I've recently been writing a bit on the topics of Business Services, as they provide a starting point for many implementations of Service Manager. The Business Services are used for informing our processes, as well as providing visibility into configuration and work assignments. In this post I'll be discussing how to use Business Services in Change Management approvals. First, here is a brief overview of Business Services: http://www.concurrency.com/blog/business-services-in-service-manager/ Here are some of the reasons why you would start your deployment with Business Services: http://www.concurrency.com/blog/5-reasons-to-start-with-business-services-in-system-center-service-manager/ In using Business Services as our starting point we are now armed with a list of what we deliver to the business, the people responsible for those services, their criticality, and potentially their configuration. We will use that information in informing our Change Process with approvers. Here you can see that my Business Service, "E-Mail" has an owner of Andrew, who is the lead on delivery of that service. You can also see other assigned individuals, such as Matt and Michael, who may be also supporting the "E-Mail" service. These individuals can be used later in our change process, but also provides instant visibility to the persons who understand and support a business service. You can also use groups here should the situation warrant.
In reviewing the change process you can see that I have a variety of activity steps, starting with the drafting of the change (initialization), then following with Primary Owner approval, then moving into the Change Advisory Board (CAB) meeting. The Primary Owner approval is a process to ensure the quality of changes and appropriateness of changes before they move to the CAB.
In the Primary Owner approval stage you can see that Andrew has been added as the approver before it moves on to the CAB. I've found this stage to be very helpful at (1) limiting the individuals in the CAB review and (2) ensuring that only valid changes make it to the CAB review.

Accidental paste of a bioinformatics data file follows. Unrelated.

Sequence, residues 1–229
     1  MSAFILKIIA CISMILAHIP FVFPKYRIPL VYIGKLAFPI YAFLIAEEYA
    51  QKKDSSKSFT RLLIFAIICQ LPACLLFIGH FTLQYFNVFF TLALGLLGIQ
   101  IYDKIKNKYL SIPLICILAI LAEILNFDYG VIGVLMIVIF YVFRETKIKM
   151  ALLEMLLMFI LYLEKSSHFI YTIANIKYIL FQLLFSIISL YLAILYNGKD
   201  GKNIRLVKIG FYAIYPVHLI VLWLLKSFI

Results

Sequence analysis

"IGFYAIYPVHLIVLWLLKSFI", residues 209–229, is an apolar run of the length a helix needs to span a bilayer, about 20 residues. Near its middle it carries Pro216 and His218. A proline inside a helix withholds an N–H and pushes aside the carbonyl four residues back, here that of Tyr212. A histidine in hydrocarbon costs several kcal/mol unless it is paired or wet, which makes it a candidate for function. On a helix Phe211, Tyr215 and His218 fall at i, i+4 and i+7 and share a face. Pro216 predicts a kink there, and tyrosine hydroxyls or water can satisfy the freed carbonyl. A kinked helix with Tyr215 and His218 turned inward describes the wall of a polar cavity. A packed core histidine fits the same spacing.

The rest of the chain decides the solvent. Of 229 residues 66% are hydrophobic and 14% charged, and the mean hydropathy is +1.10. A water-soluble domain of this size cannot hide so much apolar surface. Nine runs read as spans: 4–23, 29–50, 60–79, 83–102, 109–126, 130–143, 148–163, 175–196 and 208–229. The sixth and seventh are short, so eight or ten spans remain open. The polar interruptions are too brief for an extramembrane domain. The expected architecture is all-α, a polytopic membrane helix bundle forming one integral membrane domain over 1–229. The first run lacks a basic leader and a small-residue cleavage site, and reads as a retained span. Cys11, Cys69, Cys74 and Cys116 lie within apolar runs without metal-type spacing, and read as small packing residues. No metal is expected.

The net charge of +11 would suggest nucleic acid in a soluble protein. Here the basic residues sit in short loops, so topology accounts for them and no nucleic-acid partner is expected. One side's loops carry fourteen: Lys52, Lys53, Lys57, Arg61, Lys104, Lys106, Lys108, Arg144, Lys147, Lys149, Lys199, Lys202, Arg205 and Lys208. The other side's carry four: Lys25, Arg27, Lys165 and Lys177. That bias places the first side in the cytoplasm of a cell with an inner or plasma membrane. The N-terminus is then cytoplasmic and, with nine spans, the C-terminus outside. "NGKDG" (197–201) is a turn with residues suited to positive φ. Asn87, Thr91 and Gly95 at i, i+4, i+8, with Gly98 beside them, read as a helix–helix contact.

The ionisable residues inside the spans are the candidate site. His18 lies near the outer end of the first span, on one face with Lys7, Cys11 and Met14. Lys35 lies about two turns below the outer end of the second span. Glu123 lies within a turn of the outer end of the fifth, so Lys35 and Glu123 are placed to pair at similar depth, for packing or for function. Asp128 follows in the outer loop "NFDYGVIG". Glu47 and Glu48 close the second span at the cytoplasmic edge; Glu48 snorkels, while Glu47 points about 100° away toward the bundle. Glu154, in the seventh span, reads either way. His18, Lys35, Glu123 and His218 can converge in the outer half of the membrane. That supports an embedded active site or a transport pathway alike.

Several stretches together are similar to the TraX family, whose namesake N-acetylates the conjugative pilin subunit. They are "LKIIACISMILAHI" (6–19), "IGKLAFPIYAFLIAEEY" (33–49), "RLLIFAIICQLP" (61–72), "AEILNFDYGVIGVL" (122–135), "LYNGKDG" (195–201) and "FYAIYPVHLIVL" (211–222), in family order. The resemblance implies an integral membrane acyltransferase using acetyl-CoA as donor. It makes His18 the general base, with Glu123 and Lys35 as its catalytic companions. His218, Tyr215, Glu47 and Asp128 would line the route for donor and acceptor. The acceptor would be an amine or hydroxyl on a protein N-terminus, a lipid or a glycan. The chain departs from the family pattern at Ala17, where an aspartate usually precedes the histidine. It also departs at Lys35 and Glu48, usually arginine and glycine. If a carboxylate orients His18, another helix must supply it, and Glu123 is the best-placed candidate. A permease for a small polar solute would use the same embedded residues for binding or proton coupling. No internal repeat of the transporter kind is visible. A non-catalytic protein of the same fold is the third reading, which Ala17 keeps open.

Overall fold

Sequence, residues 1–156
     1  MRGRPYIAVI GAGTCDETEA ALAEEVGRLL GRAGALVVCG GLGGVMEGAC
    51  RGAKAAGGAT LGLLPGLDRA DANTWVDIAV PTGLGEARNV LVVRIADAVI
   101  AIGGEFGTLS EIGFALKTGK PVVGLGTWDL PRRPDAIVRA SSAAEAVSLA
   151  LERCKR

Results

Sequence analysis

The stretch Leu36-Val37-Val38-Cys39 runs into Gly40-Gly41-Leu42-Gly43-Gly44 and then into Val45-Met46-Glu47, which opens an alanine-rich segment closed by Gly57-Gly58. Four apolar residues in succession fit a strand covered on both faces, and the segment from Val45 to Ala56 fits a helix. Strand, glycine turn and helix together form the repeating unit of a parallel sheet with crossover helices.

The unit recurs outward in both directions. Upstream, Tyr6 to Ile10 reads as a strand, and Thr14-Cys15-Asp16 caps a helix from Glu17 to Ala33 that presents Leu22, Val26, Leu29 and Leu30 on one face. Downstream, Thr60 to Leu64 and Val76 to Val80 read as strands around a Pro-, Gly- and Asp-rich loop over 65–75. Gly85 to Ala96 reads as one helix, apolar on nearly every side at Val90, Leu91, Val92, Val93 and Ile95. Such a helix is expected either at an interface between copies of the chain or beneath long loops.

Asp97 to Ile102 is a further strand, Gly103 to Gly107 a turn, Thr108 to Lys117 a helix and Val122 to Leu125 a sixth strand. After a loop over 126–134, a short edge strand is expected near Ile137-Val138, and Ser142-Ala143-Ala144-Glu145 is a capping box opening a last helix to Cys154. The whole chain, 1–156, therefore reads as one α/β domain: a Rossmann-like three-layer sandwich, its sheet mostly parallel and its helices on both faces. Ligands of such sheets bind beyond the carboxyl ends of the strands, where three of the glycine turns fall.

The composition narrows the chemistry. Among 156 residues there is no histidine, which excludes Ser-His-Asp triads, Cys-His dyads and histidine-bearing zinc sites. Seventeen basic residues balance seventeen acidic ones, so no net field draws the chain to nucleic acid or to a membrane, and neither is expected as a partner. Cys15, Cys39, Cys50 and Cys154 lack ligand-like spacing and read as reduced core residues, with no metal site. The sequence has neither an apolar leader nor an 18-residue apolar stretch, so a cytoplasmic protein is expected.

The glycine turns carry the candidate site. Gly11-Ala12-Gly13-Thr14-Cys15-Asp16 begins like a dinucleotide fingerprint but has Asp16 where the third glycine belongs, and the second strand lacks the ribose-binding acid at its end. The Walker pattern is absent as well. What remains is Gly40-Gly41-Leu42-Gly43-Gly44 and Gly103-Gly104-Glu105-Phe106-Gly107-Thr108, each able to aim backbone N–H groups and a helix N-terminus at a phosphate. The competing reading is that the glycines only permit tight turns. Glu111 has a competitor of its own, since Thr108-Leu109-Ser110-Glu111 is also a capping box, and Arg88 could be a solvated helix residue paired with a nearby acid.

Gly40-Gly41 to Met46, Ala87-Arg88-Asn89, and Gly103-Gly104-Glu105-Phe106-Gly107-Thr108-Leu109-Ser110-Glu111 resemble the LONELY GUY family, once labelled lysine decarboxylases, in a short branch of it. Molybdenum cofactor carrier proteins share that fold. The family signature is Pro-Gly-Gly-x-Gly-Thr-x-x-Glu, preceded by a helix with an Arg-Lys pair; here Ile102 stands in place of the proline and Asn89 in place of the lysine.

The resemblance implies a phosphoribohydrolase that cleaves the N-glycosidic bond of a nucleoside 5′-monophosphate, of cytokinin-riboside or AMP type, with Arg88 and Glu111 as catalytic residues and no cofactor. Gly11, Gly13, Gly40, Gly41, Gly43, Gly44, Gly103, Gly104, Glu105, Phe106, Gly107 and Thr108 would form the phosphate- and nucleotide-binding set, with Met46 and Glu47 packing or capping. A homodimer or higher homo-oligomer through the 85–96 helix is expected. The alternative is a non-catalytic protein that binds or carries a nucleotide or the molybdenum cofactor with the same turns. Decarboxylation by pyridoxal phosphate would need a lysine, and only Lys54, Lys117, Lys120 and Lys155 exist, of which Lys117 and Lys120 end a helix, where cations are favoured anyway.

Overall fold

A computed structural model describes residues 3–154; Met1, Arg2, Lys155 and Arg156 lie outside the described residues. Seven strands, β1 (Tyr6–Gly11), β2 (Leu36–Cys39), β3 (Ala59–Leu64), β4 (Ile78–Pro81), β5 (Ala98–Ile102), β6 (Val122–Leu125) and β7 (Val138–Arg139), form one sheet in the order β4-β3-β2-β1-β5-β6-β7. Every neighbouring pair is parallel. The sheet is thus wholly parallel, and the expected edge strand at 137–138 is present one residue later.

The way Andrew was populated was through the relationship between the Change and the Business Service. You can see here that the "E-Mail" Business Service is related to the Change Request and is used to inform the process about who should be the approver. Since we've already documented the Primary Owner there is no need to manually specify this or include some sort of intelligent step, as we can automatically add the approver through Orchestrator.
The Orchestrator process is triggered upon the completion of the "Initialization" step or "Drafting". In the runbook we find the associated change request and locate the associated Business Service, which in this case is "E-Mail". We then find the related Primary Owner of the Business Service and assign that user to the pre-CAB approval activity.
Here is a similar process where we used Business Services in implementing Change Controls vs. Change Approvers. http://www.concurrency.com/blog/scsm-change-management-controls-for-business-impact-analysis/ I hope this helps everyone out. Nathan Lasnoski